25 February 2011
A Muslim supermarket employee in Germany was sacked when he refused on religious grounds to stock shelves with bottles of alcohol. Now the country’s highest labor court has ruled that the man’s objection was justified.
It’s not the first time a Muslim worker in Germany has gone to court over the right to practice his or her religion in the workplace. A number of high-profile cases in recent years have involved Muslim women who wanted the right to wear a headscarf while doing their jobs.
But the particulars of this case are unusual — and controversial: Germany’s highest labor court has ruled that a Muslim supermarket employee can refuse to handle alcohol on religious grounds.
The case in question involved a Muslim man who was employed in a supermarket in the northern German city of Kiel. He refused to stock shelves with alcoholic drinks, saying that his religion forbade him from any contact with alcohol, and was dismissed as a result in March 2008.
In a ruling Thursday, Germany’s Federal Labor Court confirmed that employees may refuse to perform a specific task on religious grounds. If there is an alternative task they can do which is acceptable to their religion and practical for the company, then the employer is obliged to let them do it. The firm can only dismiss the worker if there is no realistic alternative.
News Agencies – February 11, 2011
The French food store Casino has announced it will pull Herta sausages (of the Nestle brand) off its shelves as the product is suspected not to be halal. The supermarket chain announced it would conduct independent testing to guarantee that pork products were not within the halal-certified food. The Mosque of Paris is in charge of the certification of halal products by Nestle.
1 October 2010
The new novel by Hilal Sezgin begins with a fictional terrorist attack on Germany – an attack that is not only deeply unsettling for the nation, but also for the book’s heroine. In a humorous and light-hearted tone, the German-Turkish writer and columnist tells of coexistence in a nervous society that suspects every devout Muslim of being a potential terrorist.
It is something one hardly dares to imagine: Islamic terrorists carry out an attack during the New Year period. They managed to poison the contents of numerous bottles of sparkling wine before they hit the supermarket shelves. Nine people die as a result of the poison, and countless more have to receive medical treatment. The entire country is plunged into a state of anxiety and fears that other foodstuffs may have been poisoned. Fortunately, this story is not real, but an invention by the writer and journalist Hilal Sezgin, an idea for a clever and entertaining novel on Germany’s relationship with Islam and the Muslim members of its society (“Mihriban pfeift auf Gott. Ein deutsch-türkischer Schelmenroman.” [Mihriban does not care about God. A German-Turkish picaresque novel]).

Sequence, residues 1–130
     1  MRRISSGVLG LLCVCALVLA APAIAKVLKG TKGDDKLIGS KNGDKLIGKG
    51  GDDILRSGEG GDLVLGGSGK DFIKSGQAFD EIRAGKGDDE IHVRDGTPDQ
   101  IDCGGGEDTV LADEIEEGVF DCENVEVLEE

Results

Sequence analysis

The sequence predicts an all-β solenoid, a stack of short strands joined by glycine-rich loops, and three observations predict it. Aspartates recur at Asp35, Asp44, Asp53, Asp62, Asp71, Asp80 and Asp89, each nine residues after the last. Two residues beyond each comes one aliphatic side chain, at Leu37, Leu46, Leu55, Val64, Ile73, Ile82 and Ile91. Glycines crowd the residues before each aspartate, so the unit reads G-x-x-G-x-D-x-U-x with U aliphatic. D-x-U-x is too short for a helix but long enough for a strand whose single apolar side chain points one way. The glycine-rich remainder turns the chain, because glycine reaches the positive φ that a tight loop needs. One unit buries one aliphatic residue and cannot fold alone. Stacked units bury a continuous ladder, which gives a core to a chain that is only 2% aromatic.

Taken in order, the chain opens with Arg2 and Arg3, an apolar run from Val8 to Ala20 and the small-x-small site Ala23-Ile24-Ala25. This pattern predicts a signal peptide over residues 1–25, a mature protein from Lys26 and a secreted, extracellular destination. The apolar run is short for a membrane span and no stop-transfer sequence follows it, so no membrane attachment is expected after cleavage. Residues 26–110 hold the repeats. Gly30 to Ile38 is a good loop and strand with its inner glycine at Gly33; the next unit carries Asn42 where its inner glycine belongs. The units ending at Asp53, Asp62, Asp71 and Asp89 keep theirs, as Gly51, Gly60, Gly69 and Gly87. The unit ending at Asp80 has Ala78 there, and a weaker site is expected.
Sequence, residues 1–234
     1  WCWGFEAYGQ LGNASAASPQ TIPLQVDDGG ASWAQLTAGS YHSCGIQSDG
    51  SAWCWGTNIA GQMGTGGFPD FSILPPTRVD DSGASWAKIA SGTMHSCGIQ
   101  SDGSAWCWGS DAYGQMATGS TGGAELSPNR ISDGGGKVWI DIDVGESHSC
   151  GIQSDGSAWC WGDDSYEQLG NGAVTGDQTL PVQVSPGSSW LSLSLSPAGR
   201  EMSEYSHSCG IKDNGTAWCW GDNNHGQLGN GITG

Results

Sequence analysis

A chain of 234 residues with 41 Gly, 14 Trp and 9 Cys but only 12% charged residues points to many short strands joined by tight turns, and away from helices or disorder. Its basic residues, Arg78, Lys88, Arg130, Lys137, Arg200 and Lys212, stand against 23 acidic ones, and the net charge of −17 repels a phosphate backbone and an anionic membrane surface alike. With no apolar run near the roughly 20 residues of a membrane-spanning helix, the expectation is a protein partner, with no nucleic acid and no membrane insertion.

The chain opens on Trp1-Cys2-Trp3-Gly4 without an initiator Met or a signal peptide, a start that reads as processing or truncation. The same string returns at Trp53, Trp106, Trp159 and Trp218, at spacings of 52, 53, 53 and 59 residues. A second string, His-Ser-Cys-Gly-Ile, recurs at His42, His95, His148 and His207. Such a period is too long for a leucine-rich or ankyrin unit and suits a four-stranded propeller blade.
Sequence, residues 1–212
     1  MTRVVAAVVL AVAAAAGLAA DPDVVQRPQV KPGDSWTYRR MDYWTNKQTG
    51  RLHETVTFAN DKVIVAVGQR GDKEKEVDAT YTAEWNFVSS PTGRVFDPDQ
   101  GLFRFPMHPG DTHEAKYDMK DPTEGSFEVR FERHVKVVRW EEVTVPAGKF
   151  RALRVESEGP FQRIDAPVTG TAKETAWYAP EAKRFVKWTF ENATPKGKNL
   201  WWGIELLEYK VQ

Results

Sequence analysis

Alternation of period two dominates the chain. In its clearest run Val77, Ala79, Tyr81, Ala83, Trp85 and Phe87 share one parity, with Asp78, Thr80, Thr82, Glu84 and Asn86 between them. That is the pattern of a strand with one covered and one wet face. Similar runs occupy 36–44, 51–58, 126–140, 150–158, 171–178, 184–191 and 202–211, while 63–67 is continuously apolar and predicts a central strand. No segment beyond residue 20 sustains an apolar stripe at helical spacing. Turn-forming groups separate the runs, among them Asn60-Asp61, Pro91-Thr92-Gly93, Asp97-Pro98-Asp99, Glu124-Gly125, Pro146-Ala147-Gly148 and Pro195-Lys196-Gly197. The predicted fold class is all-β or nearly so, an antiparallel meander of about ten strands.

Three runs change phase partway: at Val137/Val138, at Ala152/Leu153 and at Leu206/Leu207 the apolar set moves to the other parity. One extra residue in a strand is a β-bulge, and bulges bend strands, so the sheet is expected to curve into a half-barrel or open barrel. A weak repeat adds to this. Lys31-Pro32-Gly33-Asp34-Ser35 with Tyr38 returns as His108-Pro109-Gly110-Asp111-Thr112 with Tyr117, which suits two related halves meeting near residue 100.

August 22, 2010
Coop and Carrefour, two famous brands of supermarket, are planning to sell halal meat in their stores in the region of Piedmont. The supermarkets actions will simply the life of the Piedmontese Muslim community; however on the other hand it has triggered a passionate debate by animal rights associations which have launched a boycott and information campaign. The animal rights groups are critical of the Islamic method of killing animals, which calls for the animal to be conscious when it is slaughtered. The traditional procedure adopted by Italian supermarkets, instead, requires that the animal is anaesthetized before being killed so as to reduce the suffering, which leads to lower levels of toxins in the animal’s blood and flesh. To tone down the controversy, Coop has assured that the Imam responsible for the slaughtering has accepted the use of anesthesia. However, it will be the Muslim consumers, who represent a growing segment of the Italian market that will decide the success of this initiative.
In the Viennese district of Neustadt, a project to build a 500 square meter Islamic center,
including a large building with prayer spaces, a supermarket and a kebab restaurant, has given